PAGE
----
I was a licensed private investigator in the 80’s for a few years before becoming a police officer in south Florida. As a PI I worked for a lawyer who would send me on various assignments. The funny thing was, I was asked multiple times by people when I would knock on their door to interview them etc. “Can I see your badge?” Now keep in mind I had already identified myself as a PI and in no way was pretending to be a PO. So after a while I purchased a PI badge and put my License number on it (it came with State seal of Fla). I would show it and people would then talk freely or even just open their doors. Just a story I’d thought I share.

    • Brian Willingham
      Brian Willingham says:

      Thanks for the comment Jake. I am not sure what the licensing requirements are in Florida, but in many states, it’s not legal for a private investigator to carry a badge. Things may have changed since then.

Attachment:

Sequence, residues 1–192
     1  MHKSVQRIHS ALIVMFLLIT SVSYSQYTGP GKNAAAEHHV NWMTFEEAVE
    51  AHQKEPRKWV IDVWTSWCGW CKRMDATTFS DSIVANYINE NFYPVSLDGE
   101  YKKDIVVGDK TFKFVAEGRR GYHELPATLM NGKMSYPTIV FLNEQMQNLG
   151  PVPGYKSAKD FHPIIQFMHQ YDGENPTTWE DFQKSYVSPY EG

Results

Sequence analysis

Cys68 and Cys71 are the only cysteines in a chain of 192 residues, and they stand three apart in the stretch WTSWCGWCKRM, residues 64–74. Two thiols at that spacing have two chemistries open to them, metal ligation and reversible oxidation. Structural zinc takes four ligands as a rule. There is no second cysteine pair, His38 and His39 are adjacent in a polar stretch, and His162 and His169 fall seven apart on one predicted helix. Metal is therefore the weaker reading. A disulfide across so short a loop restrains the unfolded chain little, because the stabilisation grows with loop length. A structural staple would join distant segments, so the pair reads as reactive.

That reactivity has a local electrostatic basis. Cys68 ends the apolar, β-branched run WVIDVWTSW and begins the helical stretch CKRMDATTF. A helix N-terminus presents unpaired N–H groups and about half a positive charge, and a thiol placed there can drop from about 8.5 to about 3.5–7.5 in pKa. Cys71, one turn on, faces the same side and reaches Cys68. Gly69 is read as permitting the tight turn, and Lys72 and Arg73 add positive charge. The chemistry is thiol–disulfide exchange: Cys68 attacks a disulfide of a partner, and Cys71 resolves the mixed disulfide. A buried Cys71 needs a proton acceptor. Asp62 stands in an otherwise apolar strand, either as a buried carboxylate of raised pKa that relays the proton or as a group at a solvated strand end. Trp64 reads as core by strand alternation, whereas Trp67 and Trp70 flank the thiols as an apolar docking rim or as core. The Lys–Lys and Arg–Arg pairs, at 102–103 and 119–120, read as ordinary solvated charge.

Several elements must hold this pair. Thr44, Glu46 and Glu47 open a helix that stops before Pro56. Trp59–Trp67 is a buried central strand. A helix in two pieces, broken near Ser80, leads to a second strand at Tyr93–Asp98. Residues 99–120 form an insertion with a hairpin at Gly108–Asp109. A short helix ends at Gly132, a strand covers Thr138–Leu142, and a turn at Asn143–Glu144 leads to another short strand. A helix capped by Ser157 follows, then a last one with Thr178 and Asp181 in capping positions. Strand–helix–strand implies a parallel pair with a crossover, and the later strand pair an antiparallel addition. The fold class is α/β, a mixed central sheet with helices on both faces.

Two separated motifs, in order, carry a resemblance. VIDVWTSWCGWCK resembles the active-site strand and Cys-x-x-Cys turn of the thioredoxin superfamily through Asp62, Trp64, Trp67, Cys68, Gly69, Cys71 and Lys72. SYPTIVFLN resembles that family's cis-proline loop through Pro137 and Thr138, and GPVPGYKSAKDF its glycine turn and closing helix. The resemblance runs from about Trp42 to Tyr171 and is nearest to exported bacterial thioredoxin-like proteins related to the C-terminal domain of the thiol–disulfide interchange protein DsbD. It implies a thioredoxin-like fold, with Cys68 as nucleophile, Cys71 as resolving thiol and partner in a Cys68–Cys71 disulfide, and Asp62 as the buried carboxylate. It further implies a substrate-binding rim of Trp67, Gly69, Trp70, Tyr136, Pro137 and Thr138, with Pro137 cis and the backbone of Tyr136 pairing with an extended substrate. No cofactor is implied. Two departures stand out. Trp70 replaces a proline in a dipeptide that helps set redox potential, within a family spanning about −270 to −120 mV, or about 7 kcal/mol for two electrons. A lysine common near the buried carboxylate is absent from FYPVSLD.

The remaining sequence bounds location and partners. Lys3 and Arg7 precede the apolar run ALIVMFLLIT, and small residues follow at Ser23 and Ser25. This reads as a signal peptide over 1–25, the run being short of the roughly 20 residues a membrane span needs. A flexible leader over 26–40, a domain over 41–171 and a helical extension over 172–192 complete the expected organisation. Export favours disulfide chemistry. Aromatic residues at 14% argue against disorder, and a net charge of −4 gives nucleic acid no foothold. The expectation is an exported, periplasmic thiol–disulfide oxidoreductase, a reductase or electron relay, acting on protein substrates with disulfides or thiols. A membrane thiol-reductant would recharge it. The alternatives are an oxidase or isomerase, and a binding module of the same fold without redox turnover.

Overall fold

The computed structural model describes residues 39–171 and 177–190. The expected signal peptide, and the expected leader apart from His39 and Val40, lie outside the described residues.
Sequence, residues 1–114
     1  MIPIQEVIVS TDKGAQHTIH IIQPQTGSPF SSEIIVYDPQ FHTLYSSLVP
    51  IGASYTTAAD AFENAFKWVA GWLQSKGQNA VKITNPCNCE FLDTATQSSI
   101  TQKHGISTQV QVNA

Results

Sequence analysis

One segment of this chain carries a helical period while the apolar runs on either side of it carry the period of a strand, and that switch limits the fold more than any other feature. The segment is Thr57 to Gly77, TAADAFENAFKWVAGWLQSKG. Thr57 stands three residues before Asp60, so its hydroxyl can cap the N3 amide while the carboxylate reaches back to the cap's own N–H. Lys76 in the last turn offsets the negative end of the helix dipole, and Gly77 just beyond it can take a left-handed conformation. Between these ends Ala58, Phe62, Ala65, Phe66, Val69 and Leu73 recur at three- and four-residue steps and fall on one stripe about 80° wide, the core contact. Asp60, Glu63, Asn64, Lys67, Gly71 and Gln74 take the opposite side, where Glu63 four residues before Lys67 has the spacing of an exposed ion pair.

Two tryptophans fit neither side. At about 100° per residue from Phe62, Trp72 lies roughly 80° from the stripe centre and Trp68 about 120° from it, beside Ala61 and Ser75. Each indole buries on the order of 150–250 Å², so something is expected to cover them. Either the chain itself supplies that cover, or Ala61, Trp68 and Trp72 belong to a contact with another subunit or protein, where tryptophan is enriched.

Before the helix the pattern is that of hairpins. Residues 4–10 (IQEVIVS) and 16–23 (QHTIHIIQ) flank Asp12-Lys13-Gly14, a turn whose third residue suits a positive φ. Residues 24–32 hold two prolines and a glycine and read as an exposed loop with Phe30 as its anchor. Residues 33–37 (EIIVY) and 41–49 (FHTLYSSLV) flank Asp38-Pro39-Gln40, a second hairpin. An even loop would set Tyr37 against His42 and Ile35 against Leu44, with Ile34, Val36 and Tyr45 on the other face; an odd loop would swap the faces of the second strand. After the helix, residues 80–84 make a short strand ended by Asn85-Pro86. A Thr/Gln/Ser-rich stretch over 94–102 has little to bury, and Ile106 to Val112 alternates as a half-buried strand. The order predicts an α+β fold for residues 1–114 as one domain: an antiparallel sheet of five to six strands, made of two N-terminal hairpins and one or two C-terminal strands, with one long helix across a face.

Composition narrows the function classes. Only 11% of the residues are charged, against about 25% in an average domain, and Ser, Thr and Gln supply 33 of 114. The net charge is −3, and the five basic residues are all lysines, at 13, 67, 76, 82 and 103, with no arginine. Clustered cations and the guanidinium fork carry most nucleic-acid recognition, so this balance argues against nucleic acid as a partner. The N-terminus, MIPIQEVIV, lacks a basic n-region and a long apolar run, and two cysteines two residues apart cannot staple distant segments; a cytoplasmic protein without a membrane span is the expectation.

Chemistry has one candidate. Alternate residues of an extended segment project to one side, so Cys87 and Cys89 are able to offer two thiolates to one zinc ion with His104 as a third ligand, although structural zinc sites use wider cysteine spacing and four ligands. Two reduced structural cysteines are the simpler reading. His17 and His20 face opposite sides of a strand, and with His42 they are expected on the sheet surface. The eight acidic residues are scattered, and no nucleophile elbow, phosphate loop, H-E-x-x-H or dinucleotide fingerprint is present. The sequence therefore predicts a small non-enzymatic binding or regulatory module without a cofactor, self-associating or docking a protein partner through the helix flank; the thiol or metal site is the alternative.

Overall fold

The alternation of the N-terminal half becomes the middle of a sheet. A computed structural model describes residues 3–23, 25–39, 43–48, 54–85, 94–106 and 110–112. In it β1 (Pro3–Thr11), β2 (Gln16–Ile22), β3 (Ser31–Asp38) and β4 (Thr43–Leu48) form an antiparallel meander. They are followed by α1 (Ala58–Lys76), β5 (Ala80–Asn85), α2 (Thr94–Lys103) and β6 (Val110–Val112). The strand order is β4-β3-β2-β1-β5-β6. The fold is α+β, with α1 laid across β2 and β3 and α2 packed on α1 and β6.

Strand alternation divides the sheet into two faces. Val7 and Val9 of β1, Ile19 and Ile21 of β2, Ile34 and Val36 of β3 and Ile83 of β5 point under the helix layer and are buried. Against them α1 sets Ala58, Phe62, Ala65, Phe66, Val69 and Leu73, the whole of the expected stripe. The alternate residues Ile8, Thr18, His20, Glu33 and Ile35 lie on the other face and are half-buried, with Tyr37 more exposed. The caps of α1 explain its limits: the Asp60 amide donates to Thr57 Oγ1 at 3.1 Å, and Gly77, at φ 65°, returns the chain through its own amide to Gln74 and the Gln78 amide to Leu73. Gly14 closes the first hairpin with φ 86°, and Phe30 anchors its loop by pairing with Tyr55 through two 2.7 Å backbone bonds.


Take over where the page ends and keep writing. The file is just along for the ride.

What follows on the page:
3. FemPI
    FemPI says:

    Badges aren’t necessary but I find myself a collector of tools and gadget. I don’t need a gopro to do my job but there may be a time when it comes in handy and I want to have it. Better to have it and not use it than to need it and not have it.

  4. Michael Belk
    Michael Belk says:

    Brian, I bet there are some P.I.’s getting away with illegal things that most of the public is not aware of.

    It sounds like a P.I. is pretty much like most citizens who can investigate a good situation.

    I did not know all the facts. thanks

  5. Anonymous PI
    Anonymous PI says:

    Badges are a bad idea.

    The reason being that a badge conveys a sense of authority, or implies statutory powers, that the bearer just does not possess. Plus it just makes you look like a douche.

  6. Private Investigator Austin
    Private Investigator Austin says: